Bias and Self-Interest: Timeless Constraints in the Era of Open Data

Senseless tragedies such as the recent Sandy Hook school shooting in Newtown, Connecticut give us pause as a nation and leave us struggling to understand how these acts happen all too often. With each loss, I begin to wonder if we are learning as a society. Are we truly reflecting on the problem or are we trapped in the same patterns that prevent us from moving forward? A closer look at how we respond hints at an answer.

In the early hours after the shooting, the emotional impact on the nation felt severe. My Facebook and Twitter feeds were consumed with sadness and dismay as we attempted to understand the details of the situation. Once the narrative became clearer, it ignited feelings that were hard to ignore. Such cognitive priming is a powerful force. One whose effect I believe we often underestimate.

Within short order, the calls for action began. The national conversation pivoted to gun control with such blistering speed and intensity that many sensed a moment for change. We fixated quickly on the implement of the devastation, the assault weapon, a prominent aspect of the event that is easiest to comprehend. Focusing on the obvious and the available gives us a place to start. When attempting to find answers and take action, we are not prepared to take on the subtle and less visible forces at play. Where do we even begin on those fronts? The impact of guns on society should be easier to understand and discuss, right?

Well maybe not.

I started searching online for open data to understand the relationship between the availability of guns and gun deaths. My search reminded me of the difficulty of finding specific open data to address a particular question. We are awash in data sources these days; yet they are scattered and varied in terms of their utility.

During my search, I stumbled upon the following figure depicting intentional firearm deaths per 100,000 people versus the percentage of households with a firearm. It showed the relationship I was looking for and confirmed what I suspected. I posted this to Facebook and got mostly comments wondering why the US is such an outlier. One friend went down another path: questioning the conclusions to be drawn from the figure itself. He wanted to know how many innocent civilians were killed versus criminals and how many lives were saved by a citizen having a gun during a crime. I knew where this was going. The common refrain from the pro-gun lobby is that society stands to benefit from citizens having weapons to deal with these situations when they unfold. Therefore his natural response was to question while mine was to accept; we each remained consistent with our prior beliefs.

Later on I started to reflect on whether my faith in the result was justified. Where did this data come from? Who put this figure together? What are their beliefs, intentions and motivations? Is my friend’s skepticism warranted?

After several days of reading numerous news articles from my preferred sources, with facts and figures galore, I was tired. I could not digest any more. I disconnected for a bit and gave myself space to reflect. During this time, another question came to mind: with instant access to global dialogue, reporting and open data, am I afforded more opportunity to better understand complex issues today over years past? I’m not convinced we’ve made a significant improvement. In fact, one might argue the situation is worse.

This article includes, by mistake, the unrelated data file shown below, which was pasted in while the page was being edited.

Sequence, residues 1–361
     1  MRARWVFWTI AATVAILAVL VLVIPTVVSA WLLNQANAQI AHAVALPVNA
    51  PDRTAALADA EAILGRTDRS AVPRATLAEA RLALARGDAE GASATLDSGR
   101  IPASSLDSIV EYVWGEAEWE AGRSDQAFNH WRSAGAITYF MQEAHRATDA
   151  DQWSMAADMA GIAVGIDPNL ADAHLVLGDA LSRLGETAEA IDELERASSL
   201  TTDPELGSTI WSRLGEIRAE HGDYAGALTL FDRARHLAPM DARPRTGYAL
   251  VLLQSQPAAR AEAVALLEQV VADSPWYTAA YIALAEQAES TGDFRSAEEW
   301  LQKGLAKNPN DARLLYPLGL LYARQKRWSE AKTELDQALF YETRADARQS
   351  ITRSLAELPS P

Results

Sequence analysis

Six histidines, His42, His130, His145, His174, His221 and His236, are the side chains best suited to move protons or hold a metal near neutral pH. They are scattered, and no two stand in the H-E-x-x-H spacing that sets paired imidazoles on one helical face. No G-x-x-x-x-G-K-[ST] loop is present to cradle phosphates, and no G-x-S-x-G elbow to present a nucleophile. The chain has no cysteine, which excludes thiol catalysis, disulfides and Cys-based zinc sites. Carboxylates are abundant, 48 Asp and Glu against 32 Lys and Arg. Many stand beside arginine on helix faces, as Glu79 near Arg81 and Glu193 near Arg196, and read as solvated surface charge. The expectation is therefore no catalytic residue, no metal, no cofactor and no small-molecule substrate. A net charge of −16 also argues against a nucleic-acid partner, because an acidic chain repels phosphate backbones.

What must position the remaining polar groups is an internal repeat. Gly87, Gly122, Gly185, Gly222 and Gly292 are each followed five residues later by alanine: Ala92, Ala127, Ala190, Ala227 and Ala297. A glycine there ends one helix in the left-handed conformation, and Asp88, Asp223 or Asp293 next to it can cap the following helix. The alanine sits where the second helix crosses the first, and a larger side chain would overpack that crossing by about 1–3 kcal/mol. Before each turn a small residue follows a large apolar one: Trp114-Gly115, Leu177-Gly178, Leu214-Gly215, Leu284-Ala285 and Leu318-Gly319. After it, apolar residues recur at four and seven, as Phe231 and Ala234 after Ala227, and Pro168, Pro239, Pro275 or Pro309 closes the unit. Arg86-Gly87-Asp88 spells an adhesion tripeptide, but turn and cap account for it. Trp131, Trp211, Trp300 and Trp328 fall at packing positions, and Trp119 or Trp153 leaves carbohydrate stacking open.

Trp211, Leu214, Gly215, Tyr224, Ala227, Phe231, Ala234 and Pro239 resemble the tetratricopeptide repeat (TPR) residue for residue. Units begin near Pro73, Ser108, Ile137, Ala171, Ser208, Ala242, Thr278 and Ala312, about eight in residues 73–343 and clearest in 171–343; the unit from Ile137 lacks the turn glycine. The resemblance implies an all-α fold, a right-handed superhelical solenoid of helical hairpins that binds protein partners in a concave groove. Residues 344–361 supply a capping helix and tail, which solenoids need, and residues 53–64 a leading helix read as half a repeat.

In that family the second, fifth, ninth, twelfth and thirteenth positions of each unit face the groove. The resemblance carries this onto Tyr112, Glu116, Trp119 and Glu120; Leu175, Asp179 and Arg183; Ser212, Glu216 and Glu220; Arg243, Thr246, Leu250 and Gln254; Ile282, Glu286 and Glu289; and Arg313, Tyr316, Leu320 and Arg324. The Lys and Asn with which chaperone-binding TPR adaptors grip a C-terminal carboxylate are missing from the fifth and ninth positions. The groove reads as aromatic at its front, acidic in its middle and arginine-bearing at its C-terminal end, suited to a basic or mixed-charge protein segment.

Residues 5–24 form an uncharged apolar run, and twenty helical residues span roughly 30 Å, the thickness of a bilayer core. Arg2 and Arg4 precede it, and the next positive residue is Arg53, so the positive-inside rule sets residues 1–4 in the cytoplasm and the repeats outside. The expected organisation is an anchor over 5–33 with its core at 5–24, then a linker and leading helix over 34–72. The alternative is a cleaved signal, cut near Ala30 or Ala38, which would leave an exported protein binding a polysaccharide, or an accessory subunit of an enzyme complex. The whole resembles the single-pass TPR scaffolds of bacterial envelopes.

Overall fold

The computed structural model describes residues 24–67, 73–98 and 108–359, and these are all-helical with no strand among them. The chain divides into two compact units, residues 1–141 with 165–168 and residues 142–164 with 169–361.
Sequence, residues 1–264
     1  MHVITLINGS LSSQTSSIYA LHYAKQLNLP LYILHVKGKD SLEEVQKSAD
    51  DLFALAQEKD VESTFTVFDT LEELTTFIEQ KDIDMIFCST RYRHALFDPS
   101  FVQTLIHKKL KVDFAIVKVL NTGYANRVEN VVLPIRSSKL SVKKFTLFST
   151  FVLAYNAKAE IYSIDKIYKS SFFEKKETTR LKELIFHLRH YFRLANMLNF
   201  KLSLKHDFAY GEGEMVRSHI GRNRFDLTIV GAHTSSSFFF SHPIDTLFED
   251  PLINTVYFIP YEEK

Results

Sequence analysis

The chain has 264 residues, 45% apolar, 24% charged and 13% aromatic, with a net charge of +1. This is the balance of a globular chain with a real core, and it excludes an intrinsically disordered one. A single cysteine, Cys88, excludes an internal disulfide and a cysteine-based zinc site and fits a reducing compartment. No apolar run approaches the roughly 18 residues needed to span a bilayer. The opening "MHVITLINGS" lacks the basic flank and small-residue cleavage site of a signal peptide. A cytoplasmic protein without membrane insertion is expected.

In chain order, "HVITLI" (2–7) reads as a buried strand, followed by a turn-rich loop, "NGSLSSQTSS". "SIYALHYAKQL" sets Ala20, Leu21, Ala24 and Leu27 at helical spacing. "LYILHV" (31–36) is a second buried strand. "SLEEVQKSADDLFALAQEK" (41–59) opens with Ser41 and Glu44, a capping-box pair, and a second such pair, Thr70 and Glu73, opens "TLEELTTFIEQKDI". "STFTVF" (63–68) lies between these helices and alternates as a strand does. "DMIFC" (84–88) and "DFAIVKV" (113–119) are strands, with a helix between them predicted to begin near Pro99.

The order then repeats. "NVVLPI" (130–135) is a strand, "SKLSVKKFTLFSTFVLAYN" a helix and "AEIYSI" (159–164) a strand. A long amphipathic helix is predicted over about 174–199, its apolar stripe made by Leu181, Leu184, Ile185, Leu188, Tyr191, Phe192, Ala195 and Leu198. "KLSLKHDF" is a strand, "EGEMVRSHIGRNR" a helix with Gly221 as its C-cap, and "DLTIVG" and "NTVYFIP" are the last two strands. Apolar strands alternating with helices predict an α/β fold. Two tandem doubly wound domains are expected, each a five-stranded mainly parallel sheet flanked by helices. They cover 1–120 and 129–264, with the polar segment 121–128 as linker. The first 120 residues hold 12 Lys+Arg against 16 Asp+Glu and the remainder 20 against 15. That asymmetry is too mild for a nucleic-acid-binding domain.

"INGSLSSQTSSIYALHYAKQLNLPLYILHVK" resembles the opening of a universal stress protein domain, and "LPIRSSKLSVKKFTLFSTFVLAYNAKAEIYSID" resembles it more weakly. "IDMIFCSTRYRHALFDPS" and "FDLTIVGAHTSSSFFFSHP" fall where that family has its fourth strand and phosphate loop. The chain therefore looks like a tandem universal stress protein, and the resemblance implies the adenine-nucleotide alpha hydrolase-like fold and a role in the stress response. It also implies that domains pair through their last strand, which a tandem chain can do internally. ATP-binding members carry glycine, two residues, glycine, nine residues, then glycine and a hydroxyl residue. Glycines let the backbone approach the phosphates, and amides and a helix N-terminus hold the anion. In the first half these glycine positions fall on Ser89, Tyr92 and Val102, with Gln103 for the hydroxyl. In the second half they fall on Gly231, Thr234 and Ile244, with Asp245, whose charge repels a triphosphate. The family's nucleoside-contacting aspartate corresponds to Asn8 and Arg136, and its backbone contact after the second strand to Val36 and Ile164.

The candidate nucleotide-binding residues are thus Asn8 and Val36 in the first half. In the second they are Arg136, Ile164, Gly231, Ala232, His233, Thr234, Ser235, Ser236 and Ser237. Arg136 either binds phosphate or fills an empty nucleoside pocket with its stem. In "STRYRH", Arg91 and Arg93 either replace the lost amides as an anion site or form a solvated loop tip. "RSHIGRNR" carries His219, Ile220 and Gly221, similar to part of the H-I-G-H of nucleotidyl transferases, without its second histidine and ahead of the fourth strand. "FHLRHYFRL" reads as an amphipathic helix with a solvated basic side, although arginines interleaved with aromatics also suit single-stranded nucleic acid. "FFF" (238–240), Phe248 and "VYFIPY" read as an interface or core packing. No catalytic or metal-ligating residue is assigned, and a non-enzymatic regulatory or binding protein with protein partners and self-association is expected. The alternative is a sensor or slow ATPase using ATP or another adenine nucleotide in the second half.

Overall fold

Much of the content I consumed merely reinforced my prior beliefs in those early days. Some of the national dialogue I listened to began to ask the deeper questions but with little reflection on answers. Wicked social challenges are wicked precisely because of their complexity, where nonlinearity, interdependency and uncertainty weave together to create systems defying simple explanation. In the face of this wicked social challenge, I ultimately realized I only knew one thing with certainty: an assault weapon with a high-capacity clip in the hands of a skilled individual can quickly rain devastation down on others.

While some open data advocates speak of a brighter future enabled by greater perspective on our world, I cannot help but fixate on timeless constraints such as incentive structures and cognitive biases. When data does not threaten a particular position or worldview, the underlying reality portrayed by a data source stands a greater chance of being broadly accepted and potentially influential. When data threatens a position or is presented by a party with a particular agenda, questions will surface. Others with counter with data of their own. How does open data somehow mitigate questions about provenance and legitimacy? Does it stand to enable greater impact on public discourse? On issues where the stakes are perceived to be high, I’m skeptical.

The pattern of self-deception in a complex environment seems routine these days. Many are unaware or, in some cases, unwilling to admit that there are fundamental limits to what is knowable about our world. Meanwhile the desire for plausible, causal narratives remains. Without conscious effort, we are predisposed to extrapolate from the few and the available while seeking coherence. In today’s media environment, coherence is easier than ever to design given the plethora of voices one can choose from. This leaves cause for concern.

Given the impact of cognitive biases and self-interest, along with fundamental limitations on what we can understand, I wonder about the best ways to approach public policy challenges. At the end of the day, decisions must be made, resources allocated and actions taken. How do we design measurement approaches that allow us to learn in some manner that is robust to these confounding factors? It seems we’re still wanting for answers.